• Sigma: Access function for the input argument Sigma, callable as a function of time and state

Examples

Creating Hull-White/Vasicek (HWV) Gaussian Diffusion Models

Algorithms

When you specify the required input parameters as arrays, they are associated with a specific parametric form. By contrast, when you specify either required input parameter as a function, you can customize virtually any specification.

Accessing the output parameters with no inputs simply returns the original input specification. Thus, when you invoke these parameters with no inputs, they behave like simple properties and allow you to test the data type (double vs. function, or equivalently, static vs. dynamic) of the original input specification. This is useful for validating and designing methods.

When you invoke these parameters with inputs, they behave like functions, giving the impression of dynamic behavior. The parameters accept the observation time t and a state vector Xt, and return an array of appropriate dimension. Even if you originally specified an input as an array, hwv treats it as a static function of time and state, by that means guaranteeing that all parameters are accessible by the same interface.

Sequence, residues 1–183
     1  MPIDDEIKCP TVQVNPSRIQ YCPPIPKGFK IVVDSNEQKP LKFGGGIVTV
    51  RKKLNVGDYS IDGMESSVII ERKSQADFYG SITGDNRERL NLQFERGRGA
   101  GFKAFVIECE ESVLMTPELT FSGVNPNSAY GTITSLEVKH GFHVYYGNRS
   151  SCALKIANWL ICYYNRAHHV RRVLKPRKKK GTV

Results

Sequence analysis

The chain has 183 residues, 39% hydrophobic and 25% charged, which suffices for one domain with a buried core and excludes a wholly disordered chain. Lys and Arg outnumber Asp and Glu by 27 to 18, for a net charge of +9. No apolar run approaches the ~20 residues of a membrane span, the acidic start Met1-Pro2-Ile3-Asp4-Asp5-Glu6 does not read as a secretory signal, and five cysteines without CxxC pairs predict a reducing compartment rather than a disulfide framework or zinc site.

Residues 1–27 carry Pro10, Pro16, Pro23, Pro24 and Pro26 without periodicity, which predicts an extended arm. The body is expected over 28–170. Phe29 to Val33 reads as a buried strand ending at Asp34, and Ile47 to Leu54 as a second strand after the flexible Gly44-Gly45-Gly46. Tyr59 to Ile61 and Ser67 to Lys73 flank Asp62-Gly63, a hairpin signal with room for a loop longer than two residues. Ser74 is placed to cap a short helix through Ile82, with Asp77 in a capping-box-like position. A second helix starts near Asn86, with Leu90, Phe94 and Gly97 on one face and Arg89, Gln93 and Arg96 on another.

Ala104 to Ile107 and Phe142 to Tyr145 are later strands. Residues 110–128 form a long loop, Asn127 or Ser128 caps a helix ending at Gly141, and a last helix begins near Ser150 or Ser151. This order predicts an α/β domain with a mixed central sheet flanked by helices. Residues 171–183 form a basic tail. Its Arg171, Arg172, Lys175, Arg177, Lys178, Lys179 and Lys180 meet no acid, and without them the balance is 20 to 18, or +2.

References

Ait-Sahalia, Y. “Testing Continuous-Time Models of the Spot Interest Rate.” The Review of Financial Studies, Spring 1996, Vol. 9, No. 2, pp. 385–426.

Ait-Sahalia, Y. “Transition Densities for Interest Rate and Other Nonlinear Diffusions.” The Journal of Finance, Vol. 54, No. 4, August 1999.

Glasserman, P. Monte Carlo Methods in Financial Engineering. New York, Springer-Verlag, 2004.

Hull, J. C. Options, Futures, and Other Derivatives, 5th ed. Englewood Cliffs, NJ: Prentice Hall, 2002.

Johnson, N. L., S. Kotz, and N. Balakrishnan. Continuous Univariate Distributions. Vol. 2, 2nd ed. New York, John Wiley & Sons, 1995.

Shreve, S. E. Stochastic Calculus for Finance II: Continuous-Time Models. New York: Springer-Verlag, 2004.

Introduced in R2008a